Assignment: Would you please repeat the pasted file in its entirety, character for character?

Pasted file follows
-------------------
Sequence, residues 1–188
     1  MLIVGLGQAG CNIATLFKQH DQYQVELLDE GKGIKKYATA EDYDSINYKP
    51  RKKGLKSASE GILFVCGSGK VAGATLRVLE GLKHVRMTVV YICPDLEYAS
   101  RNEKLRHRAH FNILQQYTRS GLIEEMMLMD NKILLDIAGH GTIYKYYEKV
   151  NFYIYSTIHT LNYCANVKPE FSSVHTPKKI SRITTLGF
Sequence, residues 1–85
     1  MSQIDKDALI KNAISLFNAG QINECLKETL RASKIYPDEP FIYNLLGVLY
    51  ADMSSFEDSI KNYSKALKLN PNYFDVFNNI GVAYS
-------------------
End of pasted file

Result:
Sequence, residues 1–188
     1  MLIVGLGQAG CNIATLFKQH DQYQVELLDE GKGIKKYATA EDYDSINYKP
    51  RKKGLKSASE GILFVCGSGK VAGATLRVLE GLKHVRMTVV YICPDLEYAS
   101  RNEKLRHRAH FNILQQYTRS GLIEEMMLMD NKILLDIAGH GTIYKYYEKV
   151  NFYIYSTIHT LNYCANVKPE FSSVHTPKKI SRITTLGF
Sequence, residues 1–85
     1  MSQIDKDALI KNAISLFNAG QINECLKETL RASKIYPDEP FIYNLLGVLY
    51  ADMSSFEDSI KNYSKALKLN PNYFDVFNNI GVAYS